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Murray makes unexpected exit at US Open




Andy Murray, of Great Britain, reacts during a break between sets after losing the first two sets to Stanislas Wawrinka, of Switzerland, during the quarterfinals of the 2013 U.S. Open tennis tournament, Thursday, Sept. 5, 2013, in New York. AP

NEW YORK — Andy Murray’s reign as defending U.S. Open champion ended in a surprising, frustration-filled 6-4, 6-3, 6-2 quarterfinal loss to ninth-seeded Stanislas Wawrinka on Thursday.

After one set, Murray slammed his racket into the court, then mangled it once he reached his chair on the sideline. After the second, he gestured over to his coach, Ivan Lendl, and let out a frustrated scream.

Wawrinka had Murray in knots all day.

“I would have liked to have played a little bit better,” Murray said after rushing off the court and into the interview room to explain the loss. “I’ve had a good run the last couple of years. It’s a shame I had to play a bad match today.”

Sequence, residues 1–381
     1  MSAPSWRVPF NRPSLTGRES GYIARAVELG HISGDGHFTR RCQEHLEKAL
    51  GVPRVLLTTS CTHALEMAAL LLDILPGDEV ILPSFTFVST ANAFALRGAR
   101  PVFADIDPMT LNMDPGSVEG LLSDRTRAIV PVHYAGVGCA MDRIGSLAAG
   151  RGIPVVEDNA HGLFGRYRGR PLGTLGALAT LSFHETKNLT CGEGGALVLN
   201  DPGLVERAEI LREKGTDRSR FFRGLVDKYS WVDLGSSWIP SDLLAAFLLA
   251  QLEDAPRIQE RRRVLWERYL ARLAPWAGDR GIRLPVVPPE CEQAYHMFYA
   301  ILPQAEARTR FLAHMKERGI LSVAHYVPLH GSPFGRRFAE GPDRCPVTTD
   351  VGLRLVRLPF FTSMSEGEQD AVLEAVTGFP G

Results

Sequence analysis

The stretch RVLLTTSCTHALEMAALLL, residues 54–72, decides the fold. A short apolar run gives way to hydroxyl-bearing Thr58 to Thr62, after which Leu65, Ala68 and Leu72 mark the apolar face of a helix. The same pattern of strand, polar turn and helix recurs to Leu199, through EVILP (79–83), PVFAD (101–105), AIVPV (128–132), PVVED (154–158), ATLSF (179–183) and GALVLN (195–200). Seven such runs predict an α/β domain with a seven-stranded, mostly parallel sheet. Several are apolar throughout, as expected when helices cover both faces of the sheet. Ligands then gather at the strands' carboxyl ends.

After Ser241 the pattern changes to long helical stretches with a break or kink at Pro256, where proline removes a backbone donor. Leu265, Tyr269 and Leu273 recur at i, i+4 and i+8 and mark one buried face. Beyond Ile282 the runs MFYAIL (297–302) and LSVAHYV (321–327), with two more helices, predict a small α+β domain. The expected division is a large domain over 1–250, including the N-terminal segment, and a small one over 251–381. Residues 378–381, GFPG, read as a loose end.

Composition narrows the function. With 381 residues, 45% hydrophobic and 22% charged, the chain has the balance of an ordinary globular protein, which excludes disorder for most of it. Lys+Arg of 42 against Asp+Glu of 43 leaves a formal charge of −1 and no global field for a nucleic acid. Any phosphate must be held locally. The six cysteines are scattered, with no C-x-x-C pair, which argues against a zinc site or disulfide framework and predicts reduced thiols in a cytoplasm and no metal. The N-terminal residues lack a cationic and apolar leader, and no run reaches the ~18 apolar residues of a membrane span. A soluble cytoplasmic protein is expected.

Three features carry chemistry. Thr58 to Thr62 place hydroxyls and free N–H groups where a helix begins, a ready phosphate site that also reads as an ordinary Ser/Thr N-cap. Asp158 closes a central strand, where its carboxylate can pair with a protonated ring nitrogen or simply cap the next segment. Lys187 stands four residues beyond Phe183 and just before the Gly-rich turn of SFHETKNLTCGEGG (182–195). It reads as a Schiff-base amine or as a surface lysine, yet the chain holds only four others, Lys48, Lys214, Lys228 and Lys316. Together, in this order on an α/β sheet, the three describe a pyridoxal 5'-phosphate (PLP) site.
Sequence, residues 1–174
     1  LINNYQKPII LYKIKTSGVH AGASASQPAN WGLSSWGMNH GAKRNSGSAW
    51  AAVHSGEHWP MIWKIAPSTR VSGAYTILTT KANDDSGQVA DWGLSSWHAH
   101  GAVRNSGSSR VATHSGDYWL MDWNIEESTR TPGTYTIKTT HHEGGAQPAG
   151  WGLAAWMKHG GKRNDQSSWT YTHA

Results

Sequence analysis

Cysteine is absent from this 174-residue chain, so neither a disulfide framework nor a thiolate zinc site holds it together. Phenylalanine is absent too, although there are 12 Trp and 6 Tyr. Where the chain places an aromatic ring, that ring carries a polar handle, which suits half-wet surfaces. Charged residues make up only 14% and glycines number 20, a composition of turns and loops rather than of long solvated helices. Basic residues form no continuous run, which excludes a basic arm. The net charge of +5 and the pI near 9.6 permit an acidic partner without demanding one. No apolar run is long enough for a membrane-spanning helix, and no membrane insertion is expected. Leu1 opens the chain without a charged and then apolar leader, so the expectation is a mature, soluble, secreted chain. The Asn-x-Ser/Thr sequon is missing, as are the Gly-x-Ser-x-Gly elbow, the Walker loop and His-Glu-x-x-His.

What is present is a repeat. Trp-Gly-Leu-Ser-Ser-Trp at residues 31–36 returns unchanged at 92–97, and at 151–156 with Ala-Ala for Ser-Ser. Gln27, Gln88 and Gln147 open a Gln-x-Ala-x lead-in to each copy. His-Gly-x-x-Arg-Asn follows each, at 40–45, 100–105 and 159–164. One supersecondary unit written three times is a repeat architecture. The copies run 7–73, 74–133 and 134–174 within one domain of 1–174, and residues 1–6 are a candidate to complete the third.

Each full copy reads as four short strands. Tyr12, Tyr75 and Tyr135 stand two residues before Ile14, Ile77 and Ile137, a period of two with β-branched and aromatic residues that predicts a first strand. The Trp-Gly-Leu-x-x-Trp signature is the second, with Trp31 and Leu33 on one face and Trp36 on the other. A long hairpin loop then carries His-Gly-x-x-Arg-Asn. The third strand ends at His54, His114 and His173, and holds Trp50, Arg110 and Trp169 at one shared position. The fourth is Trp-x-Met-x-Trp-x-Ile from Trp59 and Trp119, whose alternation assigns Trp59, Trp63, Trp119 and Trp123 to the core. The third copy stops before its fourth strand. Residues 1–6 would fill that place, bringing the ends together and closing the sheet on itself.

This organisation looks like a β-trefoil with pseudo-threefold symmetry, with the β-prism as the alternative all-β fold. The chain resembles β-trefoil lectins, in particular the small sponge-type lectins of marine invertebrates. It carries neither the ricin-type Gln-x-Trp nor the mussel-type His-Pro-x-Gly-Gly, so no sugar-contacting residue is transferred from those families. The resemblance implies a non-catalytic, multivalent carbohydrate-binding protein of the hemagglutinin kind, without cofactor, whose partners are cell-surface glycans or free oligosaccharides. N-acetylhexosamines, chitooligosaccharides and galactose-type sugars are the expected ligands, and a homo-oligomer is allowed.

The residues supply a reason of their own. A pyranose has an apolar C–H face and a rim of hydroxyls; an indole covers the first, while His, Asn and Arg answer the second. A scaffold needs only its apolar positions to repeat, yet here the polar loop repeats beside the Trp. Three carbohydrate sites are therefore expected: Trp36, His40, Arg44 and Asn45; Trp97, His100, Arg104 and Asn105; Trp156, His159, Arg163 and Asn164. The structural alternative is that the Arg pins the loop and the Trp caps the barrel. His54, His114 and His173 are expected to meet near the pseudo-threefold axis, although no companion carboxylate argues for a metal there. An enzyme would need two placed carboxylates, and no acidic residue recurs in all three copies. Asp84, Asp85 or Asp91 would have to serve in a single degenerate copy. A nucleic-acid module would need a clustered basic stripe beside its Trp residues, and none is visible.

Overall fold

Ninth-seeded Wawrinka made his first Grand Slam semifinal, earning a spot in the final four for Switzerland that for so long felt like Roger Federer’s birthright.

“It feels amazing for sure, especially here,” Wawrinka said. “Especially after that match. He’s the defending champion, He’s a tough opponent.”

The third-seeded Murray broke into the elite echelon of tennis last year, winning his first Grand Slam tournament at Flushing Meadows, then his second at Wimbledon in June.

But the straight-set loss to Wawrinka ended a stay in New York during which he never got completely comfortable — not when he had to wait until Wednesday night of the first week to begin the defense of the title, not when he struggled in a four-set victory over Denis Istomen in the fourth round and certainly not on Thursday.

This was Murray’s earliest exit from the U.S. Open since 2010, when Wawrinka also did the honors — that year in the third round.

Murray conceded it’s been a long road since he broke into the top, first at the Olympics on home turf last year, then with the two major titles.

“When you work hard at something for a lot of years, it’s going to take time to fire yourself up and get to training 110 percent,” Murray said about his preparation for the year’s final Grand Slam. “That’s something kind of natural after what happened at Wimbledon.”


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